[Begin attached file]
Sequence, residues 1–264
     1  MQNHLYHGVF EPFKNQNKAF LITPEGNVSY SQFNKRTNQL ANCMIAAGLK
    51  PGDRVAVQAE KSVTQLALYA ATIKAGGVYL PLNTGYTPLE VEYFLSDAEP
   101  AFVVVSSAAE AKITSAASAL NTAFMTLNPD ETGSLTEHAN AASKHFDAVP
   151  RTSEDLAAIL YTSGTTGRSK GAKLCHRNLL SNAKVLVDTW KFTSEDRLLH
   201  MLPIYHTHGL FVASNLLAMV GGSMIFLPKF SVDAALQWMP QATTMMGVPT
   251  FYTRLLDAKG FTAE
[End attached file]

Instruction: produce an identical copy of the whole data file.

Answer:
Sequence, residues 1–264
     1  MQNHLYHGVF EPFKNQNKAF LITPEGNVSY SQFNKRTNQL ANCMIAAGLK
    51  PGDRVAVQAE KSVTQLALYA ATIKAGGVYL PLNTGYTPLE VEYFLSDAEP
   101  AFVVVSSAAE AKITSAASAL NTAFMTLNPD ETGSLTEHAN AASKHFDAVP
   151  RTSEDLAAIL YTSGTTGRSK GAKLCHRNLL SNAKVLVDTW KFTSEDRLLH
   201  MLPIYHTHGL FVASNLLAMV GGSMIFLPKF SVDAALQWMP QATTMMGVPT
   251  FYTRLLDAKG FTAE